The current buses in use have some advanced age on them and need to be replaced.
The city has agreed to pay a portion of the cost for the two new buses.
Mayor Heard and members of the council expressed considerable dissatisfaction with the job being done by solid waste contractor AmWaste.
Mayor Heard said that he and City Clerk/Treasurer Deborah Gilbert had recently met with AmWaste officials Michael Cosman and Chris Toney to ask what could be done to rectify continuing problems city residents are complaining about.
“They told us they are working very hard to get this straightened out,” Heard said. “As we all know, finding people to work is a problem now. Lack of help and having to have some of their trucks repaired put them behind, but they have shown some improvement.”
The mayor said anyone who is having trouble with their garbage collection can report that to city hall.
Council Member Angelia Thomas said she has heard lots of complaints from the Kroger Block and mill village areas she represents. Some of the complaints center around the pick-ups being late and the roll-out cans being left in the street after being emptied.
“We need to have a contingency plan on our garbage service,” said Council Member Tifton Dobbs. “We have to see that it’s done right.”
City Inspector Teddy Morris said that he’s followed the AmWaste truck on some of its pick-up details to see how the job is being done.
“They have an arm on the truck that picks up the can, empties it into the truck and puts the can back down on the ground,” he said. “Sometimes it’s not level when they put it back down, and it can fall into the street. They used to have guys on the back of the truck who would empty the trash and make sure the can was put back the right way.”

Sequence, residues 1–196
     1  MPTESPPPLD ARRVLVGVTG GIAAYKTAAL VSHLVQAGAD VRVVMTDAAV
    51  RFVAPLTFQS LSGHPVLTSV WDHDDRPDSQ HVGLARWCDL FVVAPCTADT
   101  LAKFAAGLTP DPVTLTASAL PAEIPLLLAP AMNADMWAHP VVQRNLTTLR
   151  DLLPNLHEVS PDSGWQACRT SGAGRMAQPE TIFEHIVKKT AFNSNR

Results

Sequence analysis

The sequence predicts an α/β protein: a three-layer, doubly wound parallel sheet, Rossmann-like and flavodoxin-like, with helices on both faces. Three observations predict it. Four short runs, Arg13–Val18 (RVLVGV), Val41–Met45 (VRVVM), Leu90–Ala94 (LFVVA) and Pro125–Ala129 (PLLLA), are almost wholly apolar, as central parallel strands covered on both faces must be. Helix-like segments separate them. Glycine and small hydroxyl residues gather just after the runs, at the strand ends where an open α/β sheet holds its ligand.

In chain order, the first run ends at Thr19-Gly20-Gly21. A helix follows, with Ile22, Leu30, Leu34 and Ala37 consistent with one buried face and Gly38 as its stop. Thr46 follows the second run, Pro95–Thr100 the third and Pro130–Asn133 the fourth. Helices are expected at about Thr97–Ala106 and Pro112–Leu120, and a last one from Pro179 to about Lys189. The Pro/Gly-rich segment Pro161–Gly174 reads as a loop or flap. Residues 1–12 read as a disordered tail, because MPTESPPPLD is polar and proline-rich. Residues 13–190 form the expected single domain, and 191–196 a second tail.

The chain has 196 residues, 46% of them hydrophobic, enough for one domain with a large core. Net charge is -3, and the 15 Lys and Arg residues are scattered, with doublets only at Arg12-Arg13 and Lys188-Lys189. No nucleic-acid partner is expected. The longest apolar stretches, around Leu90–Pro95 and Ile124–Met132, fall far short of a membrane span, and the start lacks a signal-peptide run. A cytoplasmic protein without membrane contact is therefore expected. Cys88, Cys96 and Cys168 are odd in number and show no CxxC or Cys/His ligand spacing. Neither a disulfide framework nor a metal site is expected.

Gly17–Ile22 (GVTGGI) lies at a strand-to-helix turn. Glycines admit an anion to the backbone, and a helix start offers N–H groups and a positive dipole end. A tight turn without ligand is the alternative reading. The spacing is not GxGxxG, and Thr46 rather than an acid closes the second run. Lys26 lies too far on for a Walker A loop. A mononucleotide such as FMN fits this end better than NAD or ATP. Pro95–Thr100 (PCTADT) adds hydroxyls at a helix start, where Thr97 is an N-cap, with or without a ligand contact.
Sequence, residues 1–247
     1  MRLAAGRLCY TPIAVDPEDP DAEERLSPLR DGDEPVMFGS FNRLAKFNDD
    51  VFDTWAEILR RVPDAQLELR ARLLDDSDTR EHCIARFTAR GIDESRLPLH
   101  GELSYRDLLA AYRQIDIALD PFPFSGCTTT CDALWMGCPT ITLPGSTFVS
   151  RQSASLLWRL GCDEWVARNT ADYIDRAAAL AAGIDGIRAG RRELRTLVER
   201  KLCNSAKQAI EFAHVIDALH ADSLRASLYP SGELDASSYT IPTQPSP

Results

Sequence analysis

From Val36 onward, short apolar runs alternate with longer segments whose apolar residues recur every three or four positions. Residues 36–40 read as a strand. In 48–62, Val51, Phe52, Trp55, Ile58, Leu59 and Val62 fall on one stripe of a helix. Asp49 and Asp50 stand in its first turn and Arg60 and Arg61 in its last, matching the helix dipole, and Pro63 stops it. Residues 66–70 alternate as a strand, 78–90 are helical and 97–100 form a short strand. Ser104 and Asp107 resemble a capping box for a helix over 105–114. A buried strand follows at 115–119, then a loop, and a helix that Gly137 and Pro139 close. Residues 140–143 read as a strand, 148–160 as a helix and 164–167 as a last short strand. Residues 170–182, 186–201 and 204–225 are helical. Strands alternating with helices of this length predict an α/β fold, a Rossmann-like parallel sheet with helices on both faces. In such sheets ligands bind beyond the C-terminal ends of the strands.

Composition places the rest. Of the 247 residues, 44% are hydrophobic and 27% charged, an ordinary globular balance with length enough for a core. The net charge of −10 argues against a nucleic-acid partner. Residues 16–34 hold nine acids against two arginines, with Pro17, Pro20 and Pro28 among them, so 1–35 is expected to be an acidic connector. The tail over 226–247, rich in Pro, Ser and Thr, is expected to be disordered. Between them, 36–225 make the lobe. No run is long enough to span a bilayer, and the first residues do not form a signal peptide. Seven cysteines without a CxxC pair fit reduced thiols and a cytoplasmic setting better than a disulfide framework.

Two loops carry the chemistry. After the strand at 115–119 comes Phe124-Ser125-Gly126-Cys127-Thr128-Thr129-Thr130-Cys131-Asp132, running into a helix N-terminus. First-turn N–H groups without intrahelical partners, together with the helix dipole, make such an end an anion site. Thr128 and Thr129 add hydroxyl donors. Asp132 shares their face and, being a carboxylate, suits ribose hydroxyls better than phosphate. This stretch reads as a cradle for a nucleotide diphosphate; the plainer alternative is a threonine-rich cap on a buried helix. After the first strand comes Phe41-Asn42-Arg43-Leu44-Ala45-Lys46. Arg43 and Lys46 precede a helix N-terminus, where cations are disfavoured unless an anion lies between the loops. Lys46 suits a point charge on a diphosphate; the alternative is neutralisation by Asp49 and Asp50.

Morris suggested drafting an ordinance requiring the contractor to replace empty cans in a manner that they won’t tip over into the street.
Council Member Dobbs said that residents need to be conscientious about putting out their cans for pick up and then rolling them to their backyards.
“They don’t need to be out on the street 24/7,” he said.
Dobbs also asked the mayor if anything could be done about cleaning out the section of Tanyard Creek that flows from North Lanier Avenue to Highway 29.
“It has gotten so grown up that you can’t see from one end to the other,” he said.
Heard said that he had been discussing this with the right people and that something would be done soon.
Johnny Allen updated the council on what has been going on at the airport.
“A lot has been taking place out there,” he said, “a lot more than many people realize. There’s an erosion problem on the south end of the runway. It’s being taken care of. The aviation fuel tank that’s out there is being cleaned out to be ready for new fuel to be stored. It should be ready to go when we start buying fuel.”
The sale of fuel and the renting of hangar space are ways the city can generate income off of the rebuilt airport.
Allen said it would be a good idea to paint the existing hangar. It’s a way of making a good first impression for people landing and taking off.
“The new tractor that has been purchased for use at the airport is a high-end piece of equipment,” he said. “Chief Wood saved us thousands of dollars in its purchase in writing a grant for it. We will be cutting grass out there soon. About 45 acres surrounding the airport will have to be bush hogged. We want what’s been built to make the best impression possible. This new airport is a tremendous asset not just to the city but to the entire local area.”